| A police officer bows his head as he mans a security cordon around Shepherd’s Bush market in west London after Thursday’s bombings. (Reuters)
London, July 21: Three Underground trains and a bus were attacked by terrorists today in a chilling repeat of the bombings on July 7 but this time only one person was injured, possibly because on this occasion only the detonators went off and not the explosive devices themselves.
The attacks were again on three trains at Warren Street, the Oval and Shepherd’s Bush stations plus a number 26 bus in east London.
Police were examining a package, possibly a rucksack, on the bus. The driver reported a “bang” from the upper deck where the windows were apparently blown out.
The area around the bus was isolated because it was feared the package was a bomb of the type used a fortnight ago.
The police would not say whether they believed today’s terrorists were linked with the British Pakistani unit behind the 7/7 bombings ' or a copycat venture.
At Warren Street, one man was seen running away from the station into nearby University College Hospital, which armed police entered.
There was one report that the police were looking for a potential suicide bomber, 6ft 2in tall and “of black or Asian appearance”, wearing a black top with a hole in the back and wiring sticking out of the gap. Later, the hospital was cleared when the man was not found.
At the Oval station, which adjoins the cricket ground, a “skinny” young Asian was seen running away from the Underground.
At Downing Street, the police, who are clearly jumpy, drew guns and arrested a young man of West Asian appearance and made him unbutton his shirt.
Today, the police, though shocked by developments, appeared fully prepared to deal with the panic.
The Underground network was closed down and later, though some lines were running, the Northern, Hammersmith & City and Victoria Lines remained shut.
Sosiane Mohellavi, 35, was travelling from Oxford Circus to Walthamstow when he was evacuated from a train at Warren Street.
“I was sitting in the carriage reading a book and I smelt something burning, like wiring or tyres, and it just got more intense,” he said.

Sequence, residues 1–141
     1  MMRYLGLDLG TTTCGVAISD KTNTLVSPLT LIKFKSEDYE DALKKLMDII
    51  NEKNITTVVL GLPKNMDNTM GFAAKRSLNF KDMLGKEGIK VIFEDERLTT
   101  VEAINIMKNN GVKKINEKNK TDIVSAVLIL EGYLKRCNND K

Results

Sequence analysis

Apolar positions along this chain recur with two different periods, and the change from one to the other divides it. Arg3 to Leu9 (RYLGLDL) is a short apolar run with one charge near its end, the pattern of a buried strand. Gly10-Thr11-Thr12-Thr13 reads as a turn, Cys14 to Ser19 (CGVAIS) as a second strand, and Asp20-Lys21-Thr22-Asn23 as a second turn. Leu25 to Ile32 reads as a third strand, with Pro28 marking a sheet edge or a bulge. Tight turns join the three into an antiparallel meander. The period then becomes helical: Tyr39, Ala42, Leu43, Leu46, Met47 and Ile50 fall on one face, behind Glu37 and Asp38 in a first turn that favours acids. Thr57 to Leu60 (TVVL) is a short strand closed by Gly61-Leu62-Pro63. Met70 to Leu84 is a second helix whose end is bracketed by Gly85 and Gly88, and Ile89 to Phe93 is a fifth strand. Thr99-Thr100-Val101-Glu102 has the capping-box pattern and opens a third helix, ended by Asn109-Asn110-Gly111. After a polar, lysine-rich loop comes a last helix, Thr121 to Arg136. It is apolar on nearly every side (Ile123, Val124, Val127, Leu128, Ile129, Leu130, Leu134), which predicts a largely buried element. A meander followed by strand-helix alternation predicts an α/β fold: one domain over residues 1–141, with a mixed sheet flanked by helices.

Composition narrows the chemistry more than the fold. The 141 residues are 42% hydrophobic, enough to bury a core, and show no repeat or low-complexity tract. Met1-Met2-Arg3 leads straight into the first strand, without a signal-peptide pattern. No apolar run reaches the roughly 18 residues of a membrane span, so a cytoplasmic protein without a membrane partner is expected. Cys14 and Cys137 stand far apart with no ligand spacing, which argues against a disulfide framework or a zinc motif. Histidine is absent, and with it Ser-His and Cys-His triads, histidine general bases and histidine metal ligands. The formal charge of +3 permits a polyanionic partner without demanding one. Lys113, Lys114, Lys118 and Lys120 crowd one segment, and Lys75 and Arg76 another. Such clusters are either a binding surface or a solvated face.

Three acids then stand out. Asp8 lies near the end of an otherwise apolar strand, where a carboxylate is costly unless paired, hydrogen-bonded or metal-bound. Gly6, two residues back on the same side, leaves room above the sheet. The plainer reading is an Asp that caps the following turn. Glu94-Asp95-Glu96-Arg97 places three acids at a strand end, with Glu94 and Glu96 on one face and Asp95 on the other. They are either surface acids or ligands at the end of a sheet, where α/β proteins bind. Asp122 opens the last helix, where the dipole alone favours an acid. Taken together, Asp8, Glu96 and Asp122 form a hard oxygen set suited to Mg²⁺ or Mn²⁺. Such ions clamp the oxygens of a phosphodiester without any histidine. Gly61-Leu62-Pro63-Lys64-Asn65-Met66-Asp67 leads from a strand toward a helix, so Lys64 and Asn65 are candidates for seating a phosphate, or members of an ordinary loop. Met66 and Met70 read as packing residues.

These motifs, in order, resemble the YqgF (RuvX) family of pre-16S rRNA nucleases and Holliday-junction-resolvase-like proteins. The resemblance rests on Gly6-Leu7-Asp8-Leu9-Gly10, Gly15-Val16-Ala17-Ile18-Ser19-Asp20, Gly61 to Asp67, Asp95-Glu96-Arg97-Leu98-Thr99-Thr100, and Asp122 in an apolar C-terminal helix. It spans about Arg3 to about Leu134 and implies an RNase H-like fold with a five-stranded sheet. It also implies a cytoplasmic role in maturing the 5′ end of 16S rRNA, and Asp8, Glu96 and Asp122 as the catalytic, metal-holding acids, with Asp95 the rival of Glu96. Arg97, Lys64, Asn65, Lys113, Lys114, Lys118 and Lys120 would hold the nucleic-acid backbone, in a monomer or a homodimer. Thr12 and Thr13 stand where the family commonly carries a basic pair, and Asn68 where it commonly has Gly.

“Suddenly people panicked and started screaming and were walking on each other’s backs trying to get the hell out of there. People ran and left their shoes and belongings when they smelt the burning.”
Heading the crisis management team are the two Blairs ' Tony Blair, the Prime Minister, who was at Downing Street at 12.30 pm, holding talks with John Howard, his Australian opposite number, when the attacks occurred, and Sir Ian Blair, the Metropolitan Police commissioner.
The police chief said: “We know that we have four explosions, four attempts at explosions.”
He issued a message to Londoners: “Stay where you are, go about your normal business.”
Sir Ian stressed that the blasts appeared to be the result of “broadly conventional” weapons at this stage with no evidence of a chemical attack.
Comparing today’s incidents to the July 7 attacks, he said: “These are smaller devices, some of them have not gone off properly. We may have recovered forensic material. It may be important to our investigation.”
The attacks were “pretty close to simultaneous”, he said.
Tony Blair, with Howard by his side, said: “We can’t minimise incidents such as these, all I would like to say is this ' we know why these things are done, to frighten people and make them anxious and worried. Fortunately, in this instance there appears to have been no casualties. We have just got to react calmly.”
Police are appealing for witnesses and pictures taken on mobile phones.
Victoria Line passenger Ivan McCracken said: “I was in a middle carriage and the train was not far short of Warren Street station when suddenly the door between my carriage and the next one burst open and dozens of people started rushing through. ”
He continued: “When I got to ground level there was an Italian young man comforting an Italian girl. He said a man was carrying a rucksack and the rucksack suddenly exploded. It was a minor explosion but enough to blow open the rucksack. The man then made an exclamation as if something had gone wrong. At that point everyone rushed from the carriage.”
At Oval station there were also reports of a man dumping a rucksack in a carriage, then fleeing as the doors closed.